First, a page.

For today's Gamasutra feature, Computer Systems Science student and educational game designer and programmer Ville Mönkkönen discusses his views on development of game engines for multicore platforms, including game engine parallelism on an architecture level.
Using a variety of sources, Mönkkönen breaks down the mysteries surrounding multithreaded software development, and offers models that he feels could serve as starting points for developing “specialized game engine architectures”.
As Mönkkönen explains in his introduction:
"Even though multicore processors have been available for the PC for well over a year, and the Xbox 360 has already sold millions, there is still a lack of knowledge regarding the development of game engines for multicore platforms. This article will attempt to provide a view to game engine parallelism on an architecture level.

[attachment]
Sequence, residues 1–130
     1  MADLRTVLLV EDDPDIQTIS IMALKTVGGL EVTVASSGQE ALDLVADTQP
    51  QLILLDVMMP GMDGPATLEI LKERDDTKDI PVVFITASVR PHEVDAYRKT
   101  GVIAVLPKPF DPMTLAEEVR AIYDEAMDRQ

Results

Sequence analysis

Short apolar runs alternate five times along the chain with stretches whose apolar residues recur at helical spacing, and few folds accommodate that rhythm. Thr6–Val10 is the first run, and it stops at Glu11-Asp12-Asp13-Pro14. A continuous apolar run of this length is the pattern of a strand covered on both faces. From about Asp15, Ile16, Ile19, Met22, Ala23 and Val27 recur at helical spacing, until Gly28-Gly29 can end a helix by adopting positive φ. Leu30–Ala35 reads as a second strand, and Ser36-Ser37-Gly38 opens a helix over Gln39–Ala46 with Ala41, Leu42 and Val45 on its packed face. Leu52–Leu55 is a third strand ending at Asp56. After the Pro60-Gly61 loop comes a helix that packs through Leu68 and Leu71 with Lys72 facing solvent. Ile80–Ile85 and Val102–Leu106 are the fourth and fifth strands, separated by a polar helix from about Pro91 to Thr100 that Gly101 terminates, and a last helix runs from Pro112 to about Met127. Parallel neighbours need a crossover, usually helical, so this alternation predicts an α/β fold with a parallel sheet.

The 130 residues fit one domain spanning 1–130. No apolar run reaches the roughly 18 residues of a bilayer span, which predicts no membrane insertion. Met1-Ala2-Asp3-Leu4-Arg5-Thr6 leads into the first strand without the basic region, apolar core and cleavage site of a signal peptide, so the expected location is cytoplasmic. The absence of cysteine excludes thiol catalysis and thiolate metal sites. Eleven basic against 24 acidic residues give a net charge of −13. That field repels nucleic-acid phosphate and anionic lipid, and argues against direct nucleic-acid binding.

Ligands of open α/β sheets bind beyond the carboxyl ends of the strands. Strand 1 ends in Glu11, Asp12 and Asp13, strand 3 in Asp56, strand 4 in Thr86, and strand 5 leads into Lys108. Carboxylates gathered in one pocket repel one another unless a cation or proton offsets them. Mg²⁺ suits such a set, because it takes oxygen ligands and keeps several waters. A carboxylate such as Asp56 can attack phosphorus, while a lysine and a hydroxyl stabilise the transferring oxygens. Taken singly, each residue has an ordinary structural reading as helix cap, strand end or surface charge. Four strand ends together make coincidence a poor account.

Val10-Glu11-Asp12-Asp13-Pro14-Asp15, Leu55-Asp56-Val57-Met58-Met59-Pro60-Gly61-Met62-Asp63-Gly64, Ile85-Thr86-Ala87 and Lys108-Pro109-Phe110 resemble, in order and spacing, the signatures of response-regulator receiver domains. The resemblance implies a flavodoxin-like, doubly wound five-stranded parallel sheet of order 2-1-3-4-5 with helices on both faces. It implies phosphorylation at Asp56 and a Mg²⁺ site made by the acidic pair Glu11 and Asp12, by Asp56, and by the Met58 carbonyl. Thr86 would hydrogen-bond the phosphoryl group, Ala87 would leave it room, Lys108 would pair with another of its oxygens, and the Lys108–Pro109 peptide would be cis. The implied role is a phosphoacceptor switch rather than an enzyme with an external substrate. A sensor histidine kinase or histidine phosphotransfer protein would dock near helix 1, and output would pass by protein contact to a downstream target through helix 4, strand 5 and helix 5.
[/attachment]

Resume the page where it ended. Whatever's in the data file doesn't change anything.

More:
As shown by Gabb and Lake, instead of looking at multithreading on the level of individual components, we can find better performance by looking for ways to add parallelism to the whole game loop. We will be looking at three different threading supported architecture models for the basic game loop, and comparing them with regards to qualities such as scalability, and expected performance.
There are two main ways to break down a program to concurrent parts: function parallelism, which divides the program to concurrent tasks, and data parallelism, which tries to find some set of data for which to perform the same tasks in parallel. Of the three compared models, two will be function parallel, and one data parallel."
You can now read the full Gamasutra feature on the topic
, including more insight from Mönkkönen on multithreaded development (no registration required, please feel free to link to this feature from external websites).